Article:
A Fire Drill, A Birthday, A Chicken Parmigiana Candle, and A Launch Date for Tasty-Candles

“Could I plug my laptop in to recharge it?” asked Dustin (not his real name) at the start of my 4th period class.

“Sure,” I said. “Just pull your desk over to the wall so that you have someplace to put the laptop.”

“Could I use this desk?” The freshman in my Culinary Arts I class put his book bag on an empty seat.

“HEY! That’s MY SEAT!” complained Monica (not her real name), who had just entered the classroom.

“You can’t use somebody else’s desk.” I pointed at Dustin’s seat. “Use your own desk.”

Dustin moved his book bag to another seat. “What about this desk? Could I use this desk?”

Enrique (not his real name) erupted out of his seat. “WHAT PART OF ‘USE YOUR OWN DESK’ DID YOU NOT UNDERSTAND? HOW MANY TIMES DOES CHEF HAVE TO TELL YOU TO USE YOUR OWN DESK?”

I wagged a finger at the angry student. “Thank you for your concern but please don’t yell.”

“BUT HE’S SO ANNOYING! Don’t you think he’s annoying?”

I pretended not to hear Enrique as I finished taking attendance.

The fire alarm in the hallway chose that moment to go off. WWWWAHHHHHHHHHH! WWWWAHHHHHHHHHH! WWWWAHHHHHHHHHH!

“Leave your things and line up at the door!” I told the students as I grabbed my classroom’s evacuation kit. After escorting the students out of the school to our designated fire drill evacuation spot, I dug through the bin to find a two faced laminated sign. One side was red and the other was green. Since all students were present, I held the sign overhead with the green section facing the school administrator who was standing on the sidewalk to monitor the drill.

I was one of the only teachers on my side of the building who remembered to bring the fire drill sign. Since I’m autistic and tend to get stressed out when schedules are disrupted, part of my workplace accommodations include having building admin give me a timely heads up about any pending drills or changes to our daily schedule. As a result of having been forewarned about this drill, I had my classroom evacuation kit ready and waiting for the alarm. I had also mentally prepared myself for the fact that my class would be interrupted with one of the mandatory drills that we have to do each month. The bin that holds my evacuation supplies includes a clipboard with a copy of all class rosters, a pen, a first aid kit, bottled water, extra masks, tissues, sanitizer, and the aforementioned fire drill sign. After holding up the sign, I waited with the rest of our school for the school administration to announce the all clear so that we could return to our respective rooms.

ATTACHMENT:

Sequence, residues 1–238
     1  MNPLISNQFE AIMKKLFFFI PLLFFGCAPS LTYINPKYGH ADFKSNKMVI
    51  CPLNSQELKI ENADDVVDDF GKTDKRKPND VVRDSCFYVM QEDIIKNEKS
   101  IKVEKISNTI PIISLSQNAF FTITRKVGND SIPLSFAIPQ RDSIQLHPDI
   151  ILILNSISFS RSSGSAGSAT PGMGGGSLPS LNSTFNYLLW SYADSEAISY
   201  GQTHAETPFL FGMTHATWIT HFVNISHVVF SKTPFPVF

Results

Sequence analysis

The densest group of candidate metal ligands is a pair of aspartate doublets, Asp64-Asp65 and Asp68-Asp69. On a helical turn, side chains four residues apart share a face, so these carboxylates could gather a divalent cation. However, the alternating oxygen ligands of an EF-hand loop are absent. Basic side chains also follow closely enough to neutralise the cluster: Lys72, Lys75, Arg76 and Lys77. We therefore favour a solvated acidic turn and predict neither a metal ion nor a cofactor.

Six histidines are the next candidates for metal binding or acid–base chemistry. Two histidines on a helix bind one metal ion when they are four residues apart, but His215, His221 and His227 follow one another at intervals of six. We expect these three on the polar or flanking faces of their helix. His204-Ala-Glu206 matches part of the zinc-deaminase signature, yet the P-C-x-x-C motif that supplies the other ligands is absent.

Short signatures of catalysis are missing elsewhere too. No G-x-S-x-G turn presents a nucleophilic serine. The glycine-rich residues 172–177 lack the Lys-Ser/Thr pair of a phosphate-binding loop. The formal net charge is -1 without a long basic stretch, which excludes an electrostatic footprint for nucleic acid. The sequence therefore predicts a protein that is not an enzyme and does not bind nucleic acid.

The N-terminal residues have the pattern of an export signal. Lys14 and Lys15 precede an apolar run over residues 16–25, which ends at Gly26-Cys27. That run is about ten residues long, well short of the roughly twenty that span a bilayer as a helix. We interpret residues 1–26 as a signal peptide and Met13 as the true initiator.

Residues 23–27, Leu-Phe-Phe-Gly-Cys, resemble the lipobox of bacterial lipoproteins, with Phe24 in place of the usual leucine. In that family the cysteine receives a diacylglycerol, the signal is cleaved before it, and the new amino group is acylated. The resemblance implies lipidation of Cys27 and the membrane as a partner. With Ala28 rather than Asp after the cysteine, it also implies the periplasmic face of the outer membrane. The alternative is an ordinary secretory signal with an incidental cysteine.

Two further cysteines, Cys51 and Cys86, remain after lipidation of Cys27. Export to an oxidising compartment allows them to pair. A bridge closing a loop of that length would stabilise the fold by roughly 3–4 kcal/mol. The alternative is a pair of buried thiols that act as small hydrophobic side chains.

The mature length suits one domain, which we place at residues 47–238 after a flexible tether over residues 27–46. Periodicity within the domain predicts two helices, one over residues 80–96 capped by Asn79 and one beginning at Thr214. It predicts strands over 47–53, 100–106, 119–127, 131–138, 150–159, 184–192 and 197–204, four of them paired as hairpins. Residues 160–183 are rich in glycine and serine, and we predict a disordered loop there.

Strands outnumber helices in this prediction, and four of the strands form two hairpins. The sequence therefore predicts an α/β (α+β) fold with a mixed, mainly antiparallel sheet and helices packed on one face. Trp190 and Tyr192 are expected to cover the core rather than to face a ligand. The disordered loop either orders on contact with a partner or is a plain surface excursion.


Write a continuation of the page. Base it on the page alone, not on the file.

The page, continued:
While we were waiting, Ms. Leslie (not her real name) came over to thank me for the four strips of bacon that I had given her on Tuesday. Ms. Leslie is the librarian’s aide. She also handles office supplies, photocopying, laminating, and all of our audio-visual equipment. Since my school issued laptop had gone belly up on Tuesday, she had helped me by switching out the laptop. While she was setting up the replacement computer she told me that Tuesday was her 62nd birthday. The poor woman said she would be spending her birthday alone because her husband had to work late.

Since I know that one of Ms. Leslie’s favorite foods is bacon, I put some bacon on a sheet pan lined with parchment paper. While my culinary students were producing and baking chocolate chip cookies, I baked the bacon at 350 degrees F. in the oven. After the bacon was cooked to a crispy perfection, my class joined me in the library where we presented these crispy treats while singing Happy Birthday. Ms. Leslie was thrilled and when we left she was beaming from ear to ear.

“Thank you again for the bacon,” said Ms. Leslie. “IT WAS SO GOOD!”

Her pleasure over the birthday bacon got me to thinking about my 61st birthday which will be coming up in mid-October. Although age is said to convey wisdom, I don’t necessarily feel any wiser than I did when I was in my 40’s. As I age, I’ve noticed that while I’ve gotten physically slower and sometimes can feel my knees creaking; from an emotional, creative, and intellectual perspective, I pretty much feel the same as I’ve felt over the past 20 years. The difference between my current self and my middle aged self is that the past two decades of life experience have made me more confident. Having been clinically diagnosed with high performing autism when I was 55 has also helped by making me aware of my limitations so that I could then develop coping mechanisms and work arounds to compensate for this disability.